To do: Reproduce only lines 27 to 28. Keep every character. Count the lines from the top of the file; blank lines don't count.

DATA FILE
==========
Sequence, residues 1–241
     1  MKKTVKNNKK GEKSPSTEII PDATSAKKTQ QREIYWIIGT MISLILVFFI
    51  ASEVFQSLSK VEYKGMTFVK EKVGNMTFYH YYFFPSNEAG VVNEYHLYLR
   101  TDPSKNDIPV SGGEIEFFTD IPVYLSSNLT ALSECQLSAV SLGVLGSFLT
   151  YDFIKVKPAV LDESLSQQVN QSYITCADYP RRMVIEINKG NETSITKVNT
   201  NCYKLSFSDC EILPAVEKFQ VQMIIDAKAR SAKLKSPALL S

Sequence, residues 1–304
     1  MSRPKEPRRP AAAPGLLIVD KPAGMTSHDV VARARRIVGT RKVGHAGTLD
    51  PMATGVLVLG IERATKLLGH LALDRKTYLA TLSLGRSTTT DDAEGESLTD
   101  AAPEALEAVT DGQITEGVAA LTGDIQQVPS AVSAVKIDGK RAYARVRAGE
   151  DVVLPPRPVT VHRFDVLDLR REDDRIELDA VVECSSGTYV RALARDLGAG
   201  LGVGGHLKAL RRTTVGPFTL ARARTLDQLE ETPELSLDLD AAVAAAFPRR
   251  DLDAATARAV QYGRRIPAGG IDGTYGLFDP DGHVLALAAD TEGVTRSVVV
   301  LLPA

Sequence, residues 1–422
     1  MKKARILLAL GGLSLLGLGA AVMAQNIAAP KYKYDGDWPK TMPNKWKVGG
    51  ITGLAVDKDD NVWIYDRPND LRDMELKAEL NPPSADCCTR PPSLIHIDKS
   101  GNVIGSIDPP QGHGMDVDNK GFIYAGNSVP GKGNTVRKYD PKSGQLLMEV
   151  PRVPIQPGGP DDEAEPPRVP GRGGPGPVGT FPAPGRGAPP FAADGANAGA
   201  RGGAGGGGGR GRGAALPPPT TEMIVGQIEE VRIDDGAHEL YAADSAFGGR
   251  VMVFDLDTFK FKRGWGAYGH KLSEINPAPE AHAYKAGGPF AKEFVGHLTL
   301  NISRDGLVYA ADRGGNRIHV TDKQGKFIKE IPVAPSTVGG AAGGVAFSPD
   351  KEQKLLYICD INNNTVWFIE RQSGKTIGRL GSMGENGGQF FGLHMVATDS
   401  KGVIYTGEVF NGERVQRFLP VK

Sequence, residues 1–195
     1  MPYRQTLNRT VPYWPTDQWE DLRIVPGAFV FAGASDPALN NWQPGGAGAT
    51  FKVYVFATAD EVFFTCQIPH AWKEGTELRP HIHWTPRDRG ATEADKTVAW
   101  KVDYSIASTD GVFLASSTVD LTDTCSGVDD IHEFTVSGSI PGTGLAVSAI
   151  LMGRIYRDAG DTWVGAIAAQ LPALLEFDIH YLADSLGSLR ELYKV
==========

    51  FKVYVFATAD EVFFTCQIPH AWKEGTELRP HIHWTPRDRG ATEADKTVAW
   101  KVDYSIASTD GVFLASSTVD LTDTCSGVDD IHEFTVSGSI PGTGLAVSAI